Helping Surgeons See in 3-D
Ask surgeons what superpower would make their job easier, and they’ll almost all say the same thing: X-ray vision. Inderbir Gill, M.D., of Cleveland Clinic’s Glickman Urological and Kidney Institute, can’t grant X-ray vision, but he’s helping surgeons see targets, such as tumors, more clearly. He developed software that uses “augmented reality” technology to create virtual 3-D images of tumors and organs with color coding to show surgeons exactly where to operate.
Watch Watch a video of augmented reality technology.
Hip to a New Kind of Surgery
An alternative to total hip replacement surgery is giving some younger, more active patients a chance to return to an energetic lifestyle. It’s called hip resurfacing. Unlike hip replacement, which involves removing a portion of the healthy thigh bone, resurfacing shaves off only the damaged top end. As a result, patients retain normal hip mechanics and bone thickness.
See a video about hip resurfacing.
A high-tech tool is helping doctors eliminate threatening brain tumors without invasive surgery. The tool, called “gamma knife,” isn’t a knife at all. Rather, it’s a large machine that kills tumors using precisely aimed beams of gamma radiation. Low-energy rays pass harmlessly through a patient’s scalp, skull and overlying brain tissue, meeting at the exact site of the tumor. Energy converges to deliver a powerful dose of radiation. The tumor is effectively killed, and over months, the growth may shrink or disappear.
Watch a video about gamma knife surgery.
Ali Rezai, M.D., is a pioneer in the field of deep brain stimulation, a procedure that involves threading fine wires into the brain to stimulate key areas. The procedure is being used to treat conditions ranging from depression to severe brain trauma.
Read an interview with Dr. Rezai in the current issue of Cleveland Clinic Magazine.
Watch a video about deep brain stimulation for depression.
Giving the Voice a Hand
For 10 months, Doug Macarthy, a veteran highway patrol dispatcher could barely produce a whisper. He couldn’t work, and his wife had to translate everyday conversations for him. He visited doctor after doctor trying to get his voice back. Mr. Macarthy’s story is typical, says Claudio Milstein, Ph.D., a Cleveland Clinic voice specialist. “Some of these patients have been sent to psychiatrists because the condition is thought to be in their head,” he says, pointing out that he can’t always determine why his patients have lost their voices. What he finds, though, is a procedure called digital laryngeal manipulation often helps them speak again.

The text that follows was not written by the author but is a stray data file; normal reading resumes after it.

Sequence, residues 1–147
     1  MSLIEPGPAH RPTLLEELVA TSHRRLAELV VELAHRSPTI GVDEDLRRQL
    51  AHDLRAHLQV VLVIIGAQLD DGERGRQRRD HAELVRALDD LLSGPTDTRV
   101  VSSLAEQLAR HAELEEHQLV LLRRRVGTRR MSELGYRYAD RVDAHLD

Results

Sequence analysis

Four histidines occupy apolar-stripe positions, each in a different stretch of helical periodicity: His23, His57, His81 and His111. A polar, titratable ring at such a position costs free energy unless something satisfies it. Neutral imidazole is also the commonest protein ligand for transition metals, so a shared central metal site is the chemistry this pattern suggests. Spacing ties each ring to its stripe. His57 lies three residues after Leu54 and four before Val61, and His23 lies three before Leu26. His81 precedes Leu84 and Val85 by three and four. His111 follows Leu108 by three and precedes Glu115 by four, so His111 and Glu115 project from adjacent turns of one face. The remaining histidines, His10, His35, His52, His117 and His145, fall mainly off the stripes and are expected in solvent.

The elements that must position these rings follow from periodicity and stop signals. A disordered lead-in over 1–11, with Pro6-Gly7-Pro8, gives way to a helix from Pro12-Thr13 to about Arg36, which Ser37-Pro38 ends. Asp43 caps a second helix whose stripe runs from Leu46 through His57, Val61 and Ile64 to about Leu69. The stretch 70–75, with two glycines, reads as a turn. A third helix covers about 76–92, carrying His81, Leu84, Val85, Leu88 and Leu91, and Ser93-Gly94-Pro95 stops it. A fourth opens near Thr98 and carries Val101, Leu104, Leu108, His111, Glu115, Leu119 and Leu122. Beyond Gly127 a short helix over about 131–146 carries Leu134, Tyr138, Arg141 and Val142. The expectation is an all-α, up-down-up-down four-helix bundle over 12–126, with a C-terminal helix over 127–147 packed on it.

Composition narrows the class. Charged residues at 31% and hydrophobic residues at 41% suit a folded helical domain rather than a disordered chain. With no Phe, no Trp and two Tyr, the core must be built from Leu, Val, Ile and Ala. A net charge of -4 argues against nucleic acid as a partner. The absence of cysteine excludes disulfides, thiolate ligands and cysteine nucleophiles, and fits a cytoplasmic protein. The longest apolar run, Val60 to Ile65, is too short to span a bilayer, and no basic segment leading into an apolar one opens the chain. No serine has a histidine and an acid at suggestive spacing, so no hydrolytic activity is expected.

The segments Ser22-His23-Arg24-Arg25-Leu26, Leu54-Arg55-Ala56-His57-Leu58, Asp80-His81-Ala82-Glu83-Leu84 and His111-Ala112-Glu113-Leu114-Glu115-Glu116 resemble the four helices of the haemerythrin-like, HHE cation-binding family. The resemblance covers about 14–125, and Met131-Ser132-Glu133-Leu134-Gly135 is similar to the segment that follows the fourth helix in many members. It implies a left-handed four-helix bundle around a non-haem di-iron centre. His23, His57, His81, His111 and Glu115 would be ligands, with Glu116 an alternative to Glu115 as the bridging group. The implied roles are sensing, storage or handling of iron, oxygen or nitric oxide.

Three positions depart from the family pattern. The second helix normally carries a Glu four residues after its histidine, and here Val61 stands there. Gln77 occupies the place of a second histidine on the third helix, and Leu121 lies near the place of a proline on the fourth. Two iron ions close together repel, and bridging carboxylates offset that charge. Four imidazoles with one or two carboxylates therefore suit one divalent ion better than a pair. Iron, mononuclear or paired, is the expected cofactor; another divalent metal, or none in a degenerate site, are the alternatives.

See a video about digital laryngeal manipulation, featuring Mr. Macarthy.
Back to the Future
It sounds like something out of Star Trek: A tiny chip implanted in the body sends information about injury and postsurgical healing to a handheld device, giving doctors a clearer idea of what’s wrong and how to fix it. The idea is no longer the stuff of fantasy. Biomedical engineers at Cleveland Clinic are partnering with spine doctors to develop tiny sensors, measuring about a tenth of an inch, to help diagnose back pain.
See a video about spine sensor technology.
Holly L. Thacker, M.D., founder of the Women’s Health Center at Cleveland Clinic, has written Women’s Health: Your Body, Your Hormones, Your Choices, A Cleveland Clinic Guide.
Read an excerpt from the book.
Read a Q&A with Dr. Thacker in the current issue of Cleveland Clinic Magazine.